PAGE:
Though Mahmoud Abbas, President of the Palestinian Authority, had yet to officially respond to Netanyahu's re-election as of Wednesday morning, Haaretz reports that senior PA officials said Netanyahu's recent statements prove the Palestinians have "no partner in Israel" when it comes to a peaceful settlement.
And as Haaretz columnist Ilene Prusher wrote in the wake of Likud's victory on Wednesday, the final, desperate days of the election offered the world a look at Netanyahu's "true face":
We learned that he has no intention of ever agreeing to a Palestinian state.
We learned what he thinks of the Arab minority in Israel, which he said should not feel threatened by his attempts to pass a nation-state bill, because this is still a democracy where citizens have equal rights.
But we learned, when we see him sending out tweets, texts and a video saying "Hurry friends, the Arabs are going out in droves to vote, bused in by the left"—we see in that moment what he really thinks of the 20% of Israeli citizens who are Arab.
Meanwhile, PA chief negotiator Saeb Erekat, did speak out on Tuesday night and indicated Likud's victory would only strengthen his resolve to pursue other avenues to end the Israeli occupation and subjugation of Palestinian people and lands.
"It is clear that Prime Minister Benjamin Netanyahu will form the next government, so we say clearly that we will go to the International Criminal Court in the Hague and we will speed up, pursue and intensify" all diplomatic efforts, he told AFP.
And senior Palestine Liberation Organization official Yasser Abed Rabbo expressed his disappointment, saying, "Israel chose the path of racism, occupation and settlement building, and did not choose the path of negotiations and partnership between us."
According to Beaumont, Netanyahu now "appears locked on a collision course with both Palestinians and the international community" after disavowal of the two-state solution and his contemptuous declarations over recent days.
And Chemi Shalev, also at Haaretz, looks at what comes next—both domestically and internationally—for Israeli politics after an election which turned uglier than most could have anticipated:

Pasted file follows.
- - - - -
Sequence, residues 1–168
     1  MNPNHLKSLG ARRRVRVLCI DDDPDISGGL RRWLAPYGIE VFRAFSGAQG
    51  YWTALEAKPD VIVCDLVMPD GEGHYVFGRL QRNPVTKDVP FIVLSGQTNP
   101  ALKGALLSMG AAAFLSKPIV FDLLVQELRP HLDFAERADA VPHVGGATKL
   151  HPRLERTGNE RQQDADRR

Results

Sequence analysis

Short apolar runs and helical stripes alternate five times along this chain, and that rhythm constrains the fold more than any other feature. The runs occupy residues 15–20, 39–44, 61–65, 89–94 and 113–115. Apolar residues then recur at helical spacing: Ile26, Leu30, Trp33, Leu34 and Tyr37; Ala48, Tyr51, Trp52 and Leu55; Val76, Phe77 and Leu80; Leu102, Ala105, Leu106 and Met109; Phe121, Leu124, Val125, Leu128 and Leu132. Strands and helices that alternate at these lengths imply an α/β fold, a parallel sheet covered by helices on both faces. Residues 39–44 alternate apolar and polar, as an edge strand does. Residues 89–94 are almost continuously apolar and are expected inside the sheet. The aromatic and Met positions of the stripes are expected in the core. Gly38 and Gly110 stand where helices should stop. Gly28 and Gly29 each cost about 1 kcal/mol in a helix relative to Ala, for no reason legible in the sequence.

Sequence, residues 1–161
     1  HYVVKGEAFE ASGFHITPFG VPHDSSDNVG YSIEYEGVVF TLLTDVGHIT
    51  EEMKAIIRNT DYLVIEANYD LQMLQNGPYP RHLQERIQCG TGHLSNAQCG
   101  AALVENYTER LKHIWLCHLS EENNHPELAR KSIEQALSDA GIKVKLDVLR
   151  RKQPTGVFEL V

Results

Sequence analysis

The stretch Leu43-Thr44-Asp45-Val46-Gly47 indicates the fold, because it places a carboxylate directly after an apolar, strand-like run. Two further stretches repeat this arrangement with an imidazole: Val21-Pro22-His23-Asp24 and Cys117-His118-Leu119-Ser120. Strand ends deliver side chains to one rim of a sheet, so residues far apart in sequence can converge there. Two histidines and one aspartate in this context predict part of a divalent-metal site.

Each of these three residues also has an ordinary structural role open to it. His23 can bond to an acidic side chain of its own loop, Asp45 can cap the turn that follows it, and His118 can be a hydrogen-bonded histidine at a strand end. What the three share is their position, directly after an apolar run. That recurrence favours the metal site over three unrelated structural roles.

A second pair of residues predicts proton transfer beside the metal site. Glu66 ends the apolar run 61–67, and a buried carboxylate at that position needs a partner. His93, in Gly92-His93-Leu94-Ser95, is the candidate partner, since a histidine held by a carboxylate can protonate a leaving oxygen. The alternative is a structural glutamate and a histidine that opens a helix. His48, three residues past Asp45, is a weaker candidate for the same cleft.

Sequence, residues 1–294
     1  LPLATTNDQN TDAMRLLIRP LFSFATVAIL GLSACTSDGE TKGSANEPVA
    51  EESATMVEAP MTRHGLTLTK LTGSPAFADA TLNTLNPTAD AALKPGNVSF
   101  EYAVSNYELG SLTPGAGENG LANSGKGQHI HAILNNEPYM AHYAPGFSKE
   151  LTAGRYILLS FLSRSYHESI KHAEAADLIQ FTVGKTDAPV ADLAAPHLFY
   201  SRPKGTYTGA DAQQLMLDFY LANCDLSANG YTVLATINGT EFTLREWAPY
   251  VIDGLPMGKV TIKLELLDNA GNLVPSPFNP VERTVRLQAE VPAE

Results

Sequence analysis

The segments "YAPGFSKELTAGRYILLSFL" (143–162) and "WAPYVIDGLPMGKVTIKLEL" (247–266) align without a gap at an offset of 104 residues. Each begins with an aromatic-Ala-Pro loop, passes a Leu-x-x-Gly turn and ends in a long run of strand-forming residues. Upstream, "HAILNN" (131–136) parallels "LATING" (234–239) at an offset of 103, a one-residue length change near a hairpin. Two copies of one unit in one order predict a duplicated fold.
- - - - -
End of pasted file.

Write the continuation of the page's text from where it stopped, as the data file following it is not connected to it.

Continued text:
[Netanyahu's] conduct in the past few days most likely increased prayers in world capitals for a victory by his rival, Isaac Herzog: sources close to the White House found if hard on Tuesday night to disguise their disappointment with the election’s inconclusive results and their distaste for the prospect of having to deal with the “new” Netanyahu, who seems even less palatable than the old. Many of them are hoping that President Reuven Rivlin will take the chestnuts out of the fire by pushing for a national unity government, which they have supported all along.
Netanyahu’s ability to undo some of the damage that he’s wrought in recent days depends on the coalition he sets up.
A narrow right-wing government with Bennett and Lieberman but without Lapid would be viewed as a manifestation of Netanyahu’s lurch to the right: no one in the world will hand him flowers, and no one will harbor much hope.
A national unity government, on the other hand, would quickly revive Netanyahu’s international credentials, though his recent inflammatory statements may have given the sizeable opposition in Labor the upper hand in the internal debate that is expected to erupt should the two parties enter into national unity talks.
Many analysts said that the elections were superfluous from the outset, but no one predicted how ugly they would get. The incessant focus of Netanyahu’s rivals on his personality rather than his policies, together with his own divisive us-or-them campaign, have now split the Israeli public into two hostile and suspicious camps.